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Hacker Accused and Put On Trial

Jon Paul Oson, aged 38, of Chula Vista was put on trial on Monday to answer charges against him in connection with federal computer hacking. He was accused of erasing vital patient data of 'North County Health Services' (NCHS) clinic. The data that he deleted was understood to be stored at his former employer's systems. The accusation made by a federal grand jury outlined his intentional attempts to damage computers.

The damages that Oson did to his former employer - 'Council of Community Health Clinics' (CCC) and NCHS is not only financial but the data deletion resulted in inconvenience to patients, as indicted by the federal grand jury.

US Attorney, Carol Lam called it a callous crime against innocent patients for Mr. Oson didn't care who he was injuring or how much he was doing it.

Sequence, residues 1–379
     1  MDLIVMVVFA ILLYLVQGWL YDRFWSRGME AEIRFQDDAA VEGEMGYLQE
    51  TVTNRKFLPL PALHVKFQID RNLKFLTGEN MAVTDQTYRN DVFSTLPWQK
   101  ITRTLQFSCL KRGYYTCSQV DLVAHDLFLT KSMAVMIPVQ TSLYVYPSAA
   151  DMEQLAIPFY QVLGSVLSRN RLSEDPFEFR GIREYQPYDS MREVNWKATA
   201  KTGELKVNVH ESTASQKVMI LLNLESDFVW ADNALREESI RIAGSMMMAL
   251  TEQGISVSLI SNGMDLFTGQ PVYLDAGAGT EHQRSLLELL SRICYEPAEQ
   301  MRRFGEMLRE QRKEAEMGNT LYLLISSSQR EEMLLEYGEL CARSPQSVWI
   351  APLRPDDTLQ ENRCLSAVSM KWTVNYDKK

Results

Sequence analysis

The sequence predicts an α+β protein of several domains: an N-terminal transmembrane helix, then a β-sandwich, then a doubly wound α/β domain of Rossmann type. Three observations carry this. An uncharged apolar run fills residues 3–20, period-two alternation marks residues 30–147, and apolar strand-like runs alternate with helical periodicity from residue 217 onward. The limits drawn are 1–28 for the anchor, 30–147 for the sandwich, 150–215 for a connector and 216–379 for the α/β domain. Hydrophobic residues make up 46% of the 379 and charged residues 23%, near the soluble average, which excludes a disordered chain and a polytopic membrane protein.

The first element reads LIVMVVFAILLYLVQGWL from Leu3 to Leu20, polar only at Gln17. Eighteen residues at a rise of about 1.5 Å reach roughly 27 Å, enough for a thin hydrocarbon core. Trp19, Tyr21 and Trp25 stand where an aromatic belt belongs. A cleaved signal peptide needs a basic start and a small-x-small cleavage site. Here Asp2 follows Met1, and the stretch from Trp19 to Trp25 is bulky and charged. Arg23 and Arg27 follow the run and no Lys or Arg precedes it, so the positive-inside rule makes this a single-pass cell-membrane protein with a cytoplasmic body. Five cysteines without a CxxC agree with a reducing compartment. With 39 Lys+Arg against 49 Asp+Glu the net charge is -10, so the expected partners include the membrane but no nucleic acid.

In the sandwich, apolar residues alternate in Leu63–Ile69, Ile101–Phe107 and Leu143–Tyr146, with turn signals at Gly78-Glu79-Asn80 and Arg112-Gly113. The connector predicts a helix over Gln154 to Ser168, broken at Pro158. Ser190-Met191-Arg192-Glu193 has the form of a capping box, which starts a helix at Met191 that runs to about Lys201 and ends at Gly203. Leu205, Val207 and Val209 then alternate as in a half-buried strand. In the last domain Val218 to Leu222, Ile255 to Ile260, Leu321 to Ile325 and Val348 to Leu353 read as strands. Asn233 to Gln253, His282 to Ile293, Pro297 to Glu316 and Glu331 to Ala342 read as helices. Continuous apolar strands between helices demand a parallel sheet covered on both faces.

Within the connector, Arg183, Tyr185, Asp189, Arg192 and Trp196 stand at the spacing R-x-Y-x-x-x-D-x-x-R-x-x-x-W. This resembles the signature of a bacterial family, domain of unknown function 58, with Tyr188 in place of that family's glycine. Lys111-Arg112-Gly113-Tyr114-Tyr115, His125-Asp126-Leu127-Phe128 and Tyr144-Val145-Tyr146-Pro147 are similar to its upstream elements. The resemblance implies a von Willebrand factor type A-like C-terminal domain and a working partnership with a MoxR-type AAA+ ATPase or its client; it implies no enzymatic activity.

Oson was employed as a network engineer and a technical services manager at CCC between May 2004 and October 2005. NCHS asked CCC to employ its technology services to host NCHS' 'Practice Management System'.

Oson's main motive behind this attack was thought to be his resignation from CCC because he received a negative evaluation.

Oson was charged because he committed unauthorized access to NCHS data without CCC's permission. He then destroyed the process that made copies of patient information. Not only that he even deleted the data and removed software on several CCC servers. Oson also tried to remove data and software used for e-mail and data of other clinics.

In this attack Oson was the primary source, according to Assistant US Attorney, Mitch Dembin. The identification of Oson's name was made after analyzing computer logs following the attack. It was found that the logs on the affected computers bore similarity to the logs present in Oson's computer.

Dembin commented Oson's action as callous and nasty.

Court has ordered to imprison Oson in place of bail of $75,000 charging him of causing damage to guarded computers. If proved guilty, Oson could be penalized with most 20 years of imprisonment and a fine up to $500,000. Investigation in Oson's case was initiated by 'Cyber Crime Squad' of FBI's San Diego division.

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